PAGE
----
On Black Friday, people create massive lines outside of the store to grab a few deals (hopefully leaving in one piece.) On Cyber Monday, which is days later, people fire up their laptops and snag some savings via the internet. But since sometimes it's hard to say no to online purchases, how much money do people actually save on Cyber Monday? Do people spend more money because they think they're getting a deal, or are they truly getting a deal?
Of course, there's a lot of statistics on this, and most of that depends on how you shop. One thing is definite — Cyber Monday is getting more and more popular each year. And based on a 2015 survey from the National Retail Federation, 90 percent of Cyber Monday shoppers are lured by the good deals, above all else.
As time goes on, more and more people start to embrace online shopping, as well. I mean, remember a few years ago, when you had to tell your Mom that Amazon was a pretty safe place to shop, and not a scam that'd steal her identity? Good times.
International Business Times reports that 94 percent of consumers plan to do a bulk of their holiday shopping online, and obviously the Black Friday and Cyber Monday weekend is the absolute best to get the good deals — after all, it's the weekend where people are searching for a bargain, and feeling a little carefree about spending money.
Companies also like knowing that they have really great deals to offer, since one of the very best ways to gain business is through word of mouth.
Two years ago, U.S. News & World Report suggested that customers might actually save more money during the weeks leading up to the big day. Perhaps that's to try and clear out some old stock, before restocking for the holiday rush.
"Reports predict steep online discounts will start the week of Thanksgiving and peak on Thanksgiving Day, and some retailers like Amazon, Target and Walmart have already started their holiday sales events," the article noted. "Shopping online that week will still save money, and many stores now offer free in-store pick-up."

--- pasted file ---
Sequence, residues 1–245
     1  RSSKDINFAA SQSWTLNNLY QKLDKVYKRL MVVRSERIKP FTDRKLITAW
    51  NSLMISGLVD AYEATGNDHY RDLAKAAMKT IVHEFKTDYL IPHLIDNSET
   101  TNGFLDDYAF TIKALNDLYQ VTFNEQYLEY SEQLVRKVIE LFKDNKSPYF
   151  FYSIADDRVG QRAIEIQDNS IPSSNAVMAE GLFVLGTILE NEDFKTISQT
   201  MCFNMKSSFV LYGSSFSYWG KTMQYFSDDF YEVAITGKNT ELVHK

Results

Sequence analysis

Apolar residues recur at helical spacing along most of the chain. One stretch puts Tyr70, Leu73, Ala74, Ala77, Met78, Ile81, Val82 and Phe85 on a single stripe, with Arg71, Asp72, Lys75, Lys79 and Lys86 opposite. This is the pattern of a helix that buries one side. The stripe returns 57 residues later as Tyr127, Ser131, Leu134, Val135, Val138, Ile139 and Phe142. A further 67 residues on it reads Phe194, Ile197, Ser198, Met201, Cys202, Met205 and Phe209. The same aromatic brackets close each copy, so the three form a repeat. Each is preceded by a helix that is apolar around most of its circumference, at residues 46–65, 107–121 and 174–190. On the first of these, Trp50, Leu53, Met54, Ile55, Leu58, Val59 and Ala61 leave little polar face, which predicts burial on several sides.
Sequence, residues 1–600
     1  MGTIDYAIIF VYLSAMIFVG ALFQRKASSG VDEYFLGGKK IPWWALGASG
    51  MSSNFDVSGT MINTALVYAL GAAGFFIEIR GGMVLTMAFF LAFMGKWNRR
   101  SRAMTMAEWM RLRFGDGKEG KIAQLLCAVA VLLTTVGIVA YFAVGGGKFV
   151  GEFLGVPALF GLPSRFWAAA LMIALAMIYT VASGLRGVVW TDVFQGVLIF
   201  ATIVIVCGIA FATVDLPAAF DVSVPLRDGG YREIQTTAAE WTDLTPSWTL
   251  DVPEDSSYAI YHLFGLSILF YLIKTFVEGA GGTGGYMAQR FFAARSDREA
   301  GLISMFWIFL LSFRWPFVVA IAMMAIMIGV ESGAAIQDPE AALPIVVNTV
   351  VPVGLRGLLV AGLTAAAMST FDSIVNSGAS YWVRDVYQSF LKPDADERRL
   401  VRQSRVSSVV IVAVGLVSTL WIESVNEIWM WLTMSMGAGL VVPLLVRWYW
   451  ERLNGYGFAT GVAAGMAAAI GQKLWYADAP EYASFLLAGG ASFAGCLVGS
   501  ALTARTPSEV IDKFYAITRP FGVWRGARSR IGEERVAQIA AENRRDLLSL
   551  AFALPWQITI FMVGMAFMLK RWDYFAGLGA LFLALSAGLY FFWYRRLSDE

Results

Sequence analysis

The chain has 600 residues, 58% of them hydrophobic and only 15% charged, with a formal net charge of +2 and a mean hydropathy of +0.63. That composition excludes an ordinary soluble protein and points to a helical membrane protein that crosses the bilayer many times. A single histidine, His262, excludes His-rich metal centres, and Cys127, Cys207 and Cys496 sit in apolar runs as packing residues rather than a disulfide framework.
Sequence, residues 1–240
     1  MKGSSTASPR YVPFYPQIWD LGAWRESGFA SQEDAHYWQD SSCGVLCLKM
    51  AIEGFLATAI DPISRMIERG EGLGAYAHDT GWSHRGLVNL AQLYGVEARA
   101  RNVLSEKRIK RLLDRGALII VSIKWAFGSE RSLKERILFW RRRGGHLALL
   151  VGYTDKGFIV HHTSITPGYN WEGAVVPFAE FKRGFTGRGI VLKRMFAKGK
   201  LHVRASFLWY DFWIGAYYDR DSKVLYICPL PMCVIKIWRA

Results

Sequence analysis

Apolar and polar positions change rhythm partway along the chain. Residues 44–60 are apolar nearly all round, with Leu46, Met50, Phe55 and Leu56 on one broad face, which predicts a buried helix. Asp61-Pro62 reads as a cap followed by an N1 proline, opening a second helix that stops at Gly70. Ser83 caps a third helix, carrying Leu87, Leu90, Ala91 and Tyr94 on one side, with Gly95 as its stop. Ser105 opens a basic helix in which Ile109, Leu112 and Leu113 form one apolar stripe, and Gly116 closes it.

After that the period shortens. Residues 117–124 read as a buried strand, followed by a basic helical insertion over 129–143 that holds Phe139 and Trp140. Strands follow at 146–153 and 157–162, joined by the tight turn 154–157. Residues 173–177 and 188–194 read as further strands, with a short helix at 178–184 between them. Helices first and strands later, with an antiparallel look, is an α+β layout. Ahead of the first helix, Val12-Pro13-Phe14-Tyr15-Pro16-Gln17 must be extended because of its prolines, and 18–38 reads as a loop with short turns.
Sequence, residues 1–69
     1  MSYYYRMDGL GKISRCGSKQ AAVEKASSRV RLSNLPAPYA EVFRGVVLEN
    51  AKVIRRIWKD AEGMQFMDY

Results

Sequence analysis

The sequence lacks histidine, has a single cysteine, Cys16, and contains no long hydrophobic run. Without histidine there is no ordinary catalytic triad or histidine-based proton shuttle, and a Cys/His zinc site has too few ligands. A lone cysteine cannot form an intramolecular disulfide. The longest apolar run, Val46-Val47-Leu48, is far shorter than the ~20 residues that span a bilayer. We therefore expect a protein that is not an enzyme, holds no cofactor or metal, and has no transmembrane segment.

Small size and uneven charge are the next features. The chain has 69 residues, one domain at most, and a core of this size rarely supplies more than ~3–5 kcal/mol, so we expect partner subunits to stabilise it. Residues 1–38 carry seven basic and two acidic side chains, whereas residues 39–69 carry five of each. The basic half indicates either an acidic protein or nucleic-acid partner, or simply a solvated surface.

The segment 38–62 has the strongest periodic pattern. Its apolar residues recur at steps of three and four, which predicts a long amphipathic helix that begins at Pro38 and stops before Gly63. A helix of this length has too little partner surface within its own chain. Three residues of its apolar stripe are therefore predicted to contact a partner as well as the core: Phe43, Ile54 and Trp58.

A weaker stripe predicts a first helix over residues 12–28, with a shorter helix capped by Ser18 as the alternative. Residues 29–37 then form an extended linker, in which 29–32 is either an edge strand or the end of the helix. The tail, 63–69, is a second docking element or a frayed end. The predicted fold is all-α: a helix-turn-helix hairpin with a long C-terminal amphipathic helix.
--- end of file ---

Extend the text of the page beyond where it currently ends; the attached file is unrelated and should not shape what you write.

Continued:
The article salso noted that not only will early shopping help ensure that the specific product you're looking for is in stock, but noted that electronics will probably be cheaper before Black Friday even starts. The article was written by Jon Lal, the CEO of the website BeFrugal, so his expertise on the topic of saving is pretty significant.
TurboTax definitely believes that Cyber Monday offers everything that Black Friday can't. According to Net MBA, no opportunity costs are lost (as in, you don't have to wait outside for four hours just for $10 off of an electronics purchase) and you don't have to pay for gas in order to grab the deal in the first place. So all in all, Cyber Monday shoppers typically do save more than Black Friday shoppers when absolutely everything is considered.
But when it comes down to it, Huffington Post noted that shoppers usually just save an average of 20 percent. The site noted that Cyber Monday is being the biggest day for online shopping, but in tune with what U.S. News & World Report had figured, noted how savings on other days, like Thanksgiving and Black Friday, usually averaged around 23 percent and 24 percent worth of savings. Strange, huh?
In short? Sure — shopping on Cyber Monday is way less stressful than going out on Black Friday. But, you might want to start looking for better deals before the rest of the crowd does. That way, your purchases will be discounted, in stock, and ready well before the holidays hit.